.      We always assumed these two guys would blossom into good ballplayers, but the numbers they put up were kind of foolish. It will be quite interesting to see if they can continue that sort of production and I’m actually going to be a bit of a pessimist and say I think it’s doubtful we’ll see both these players hit over 30 homeruns next year. I’m hoping though.

.      Honestly, I think Aaron still has more development as a hitter. Dude just doesn’t walk and if he could learn to be more patient, the numbers he put up would have been amongst the best in the entire league (they already were in many cases, I know, but his OBP isn’t exactly mind-numbing). I know it’s a catch 22 though, as if he’s not aggressive as he is, perhaps he doesn’t hit as many homeruns. Hey, I’m selfish, I want his 35+ homeruns, 100+ RBIs AND a .400 OBP.

Katy: Scutaro.

Eyebleaf: I’d have to go with the immense failure that was Alex Rios. If you would have told me at the start of the season that Rios would struggle so badly and eventually be claimed on waivers, I’d never have believed you. Oh Alex, what was supposed to have been…

Tao of Stieb: Adam Lind’s emergence. I had figured that he’d possibly contribute 20 homers and 75 RBI if he had a good year, but he really reached a whole other level this season.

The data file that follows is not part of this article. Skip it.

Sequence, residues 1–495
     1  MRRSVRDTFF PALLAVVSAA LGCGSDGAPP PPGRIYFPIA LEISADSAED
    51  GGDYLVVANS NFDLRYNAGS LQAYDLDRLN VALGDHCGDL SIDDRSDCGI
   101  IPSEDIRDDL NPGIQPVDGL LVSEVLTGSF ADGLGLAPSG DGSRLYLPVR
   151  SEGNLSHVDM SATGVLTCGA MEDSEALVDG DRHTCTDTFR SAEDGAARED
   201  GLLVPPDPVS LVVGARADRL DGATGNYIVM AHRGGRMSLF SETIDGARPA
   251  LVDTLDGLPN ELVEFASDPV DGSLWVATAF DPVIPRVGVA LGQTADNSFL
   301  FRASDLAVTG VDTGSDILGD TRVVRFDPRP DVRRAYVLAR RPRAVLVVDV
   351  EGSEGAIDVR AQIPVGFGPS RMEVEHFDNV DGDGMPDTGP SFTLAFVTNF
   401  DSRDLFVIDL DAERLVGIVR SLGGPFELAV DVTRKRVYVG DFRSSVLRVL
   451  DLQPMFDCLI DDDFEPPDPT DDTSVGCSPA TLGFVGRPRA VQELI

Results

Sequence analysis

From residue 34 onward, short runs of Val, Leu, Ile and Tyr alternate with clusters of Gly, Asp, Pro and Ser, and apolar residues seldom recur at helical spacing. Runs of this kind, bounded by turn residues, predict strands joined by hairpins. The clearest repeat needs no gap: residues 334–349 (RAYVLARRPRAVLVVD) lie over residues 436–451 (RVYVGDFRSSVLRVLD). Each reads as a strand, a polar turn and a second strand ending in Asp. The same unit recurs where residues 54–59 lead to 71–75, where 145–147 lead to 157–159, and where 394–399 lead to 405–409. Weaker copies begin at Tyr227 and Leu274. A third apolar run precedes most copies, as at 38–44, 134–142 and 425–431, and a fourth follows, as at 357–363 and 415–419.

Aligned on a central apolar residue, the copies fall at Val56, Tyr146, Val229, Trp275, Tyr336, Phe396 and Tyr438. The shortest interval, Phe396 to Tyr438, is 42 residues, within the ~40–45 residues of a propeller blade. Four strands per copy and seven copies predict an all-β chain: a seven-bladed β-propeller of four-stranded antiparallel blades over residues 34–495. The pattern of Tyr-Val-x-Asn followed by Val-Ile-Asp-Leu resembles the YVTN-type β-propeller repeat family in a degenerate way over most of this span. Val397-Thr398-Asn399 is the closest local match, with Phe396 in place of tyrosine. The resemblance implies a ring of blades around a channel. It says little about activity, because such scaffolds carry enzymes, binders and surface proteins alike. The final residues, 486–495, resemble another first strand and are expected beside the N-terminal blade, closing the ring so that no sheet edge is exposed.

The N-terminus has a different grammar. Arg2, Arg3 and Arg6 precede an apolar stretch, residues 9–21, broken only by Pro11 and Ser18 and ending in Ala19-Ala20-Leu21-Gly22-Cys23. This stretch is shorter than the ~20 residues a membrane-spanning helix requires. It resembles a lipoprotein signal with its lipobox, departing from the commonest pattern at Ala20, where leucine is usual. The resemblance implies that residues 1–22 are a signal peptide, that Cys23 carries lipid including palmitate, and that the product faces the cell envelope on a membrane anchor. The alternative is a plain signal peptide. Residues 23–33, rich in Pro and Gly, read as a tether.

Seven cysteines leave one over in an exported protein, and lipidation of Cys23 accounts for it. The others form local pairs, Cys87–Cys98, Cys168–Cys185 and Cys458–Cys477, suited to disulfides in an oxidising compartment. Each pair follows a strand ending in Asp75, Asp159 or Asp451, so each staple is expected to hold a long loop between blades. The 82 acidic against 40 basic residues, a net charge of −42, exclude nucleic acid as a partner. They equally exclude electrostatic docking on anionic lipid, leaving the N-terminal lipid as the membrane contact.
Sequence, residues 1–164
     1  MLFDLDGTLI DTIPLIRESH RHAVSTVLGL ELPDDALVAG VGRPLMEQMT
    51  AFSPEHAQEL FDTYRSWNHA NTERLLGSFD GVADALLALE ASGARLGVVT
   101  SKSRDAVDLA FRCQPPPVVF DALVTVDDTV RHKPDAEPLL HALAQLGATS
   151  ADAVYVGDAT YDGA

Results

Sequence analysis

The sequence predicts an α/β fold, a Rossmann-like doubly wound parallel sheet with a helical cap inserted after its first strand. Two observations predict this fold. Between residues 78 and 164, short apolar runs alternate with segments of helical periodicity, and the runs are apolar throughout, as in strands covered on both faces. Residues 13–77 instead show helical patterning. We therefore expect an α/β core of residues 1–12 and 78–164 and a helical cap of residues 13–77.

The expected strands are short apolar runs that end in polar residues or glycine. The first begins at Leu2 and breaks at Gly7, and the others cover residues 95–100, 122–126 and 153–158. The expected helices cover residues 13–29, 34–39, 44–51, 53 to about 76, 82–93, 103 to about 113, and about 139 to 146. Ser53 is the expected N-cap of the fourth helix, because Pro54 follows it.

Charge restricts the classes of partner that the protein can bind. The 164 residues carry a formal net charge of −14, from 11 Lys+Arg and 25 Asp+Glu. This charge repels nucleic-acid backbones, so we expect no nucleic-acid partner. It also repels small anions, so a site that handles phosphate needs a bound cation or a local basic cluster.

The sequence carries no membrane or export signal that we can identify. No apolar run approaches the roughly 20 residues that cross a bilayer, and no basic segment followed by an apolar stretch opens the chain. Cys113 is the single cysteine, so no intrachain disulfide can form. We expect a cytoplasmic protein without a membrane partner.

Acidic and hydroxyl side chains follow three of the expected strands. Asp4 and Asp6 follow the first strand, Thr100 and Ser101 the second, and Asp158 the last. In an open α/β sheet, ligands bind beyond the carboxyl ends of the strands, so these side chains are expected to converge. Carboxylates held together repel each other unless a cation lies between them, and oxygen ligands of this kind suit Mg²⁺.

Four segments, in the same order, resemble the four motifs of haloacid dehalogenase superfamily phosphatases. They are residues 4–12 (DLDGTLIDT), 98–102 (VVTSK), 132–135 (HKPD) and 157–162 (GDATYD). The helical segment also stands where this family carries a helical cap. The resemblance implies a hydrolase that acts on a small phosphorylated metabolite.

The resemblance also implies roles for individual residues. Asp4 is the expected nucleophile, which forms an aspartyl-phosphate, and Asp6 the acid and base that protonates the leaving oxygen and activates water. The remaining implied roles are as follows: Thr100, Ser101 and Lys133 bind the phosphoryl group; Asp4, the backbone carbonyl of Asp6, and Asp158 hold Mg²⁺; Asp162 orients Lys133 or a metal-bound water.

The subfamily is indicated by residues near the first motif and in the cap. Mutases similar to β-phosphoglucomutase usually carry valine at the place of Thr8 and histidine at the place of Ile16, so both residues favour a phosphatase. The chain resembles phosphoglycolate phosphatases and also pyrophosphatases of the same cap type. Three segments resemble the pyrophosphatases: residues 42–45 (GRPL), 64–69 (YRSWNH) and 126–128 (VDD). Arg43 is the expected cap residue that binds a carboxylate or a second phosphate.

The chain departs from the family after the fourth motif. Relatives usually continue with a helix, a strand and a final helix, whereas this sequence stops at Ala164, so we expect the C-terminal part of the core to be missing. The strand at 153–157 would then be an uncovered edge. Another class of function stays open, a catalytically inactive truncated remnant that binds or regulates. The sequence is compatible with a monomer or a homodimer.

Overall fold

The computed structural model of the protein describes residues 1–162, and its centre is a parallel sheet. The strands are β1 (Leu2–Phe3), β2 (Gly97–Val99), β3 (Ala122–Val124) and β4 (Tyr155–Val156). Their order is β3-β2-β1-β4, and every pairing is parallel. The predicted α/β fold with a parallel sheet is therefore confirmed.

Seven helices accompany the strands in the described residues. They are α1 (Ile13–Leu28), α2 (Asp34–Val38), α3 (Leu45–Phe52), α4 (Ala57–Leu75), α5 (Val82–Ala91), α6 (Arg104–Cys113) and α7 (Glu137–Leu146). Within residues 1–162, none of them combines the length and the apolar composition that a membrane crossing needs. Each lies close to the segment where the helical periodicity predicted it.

Where did the season go wrong?

Chris: I didn’t think it was a bad move at the time, but the season went wrong back in 2008 when Cito was brought in.

Squizz: When I started almost letting myself believe all of the hype that was constantly swirling around me. Then boom, rotation explodes, bats get silent(er), losing streaks and another long, languid summer of meaningless baseball. It may be a little narcissistic to think the sporting gods have it in for me, but I can’t come up with a better explanation.

Cole: I’m going to go ahead and say it went wrong during that faithful series against Boston where the Jays got swept, en route to their nine-game losing streak. Damn you Wakefield. That much is obvious though, I suppose.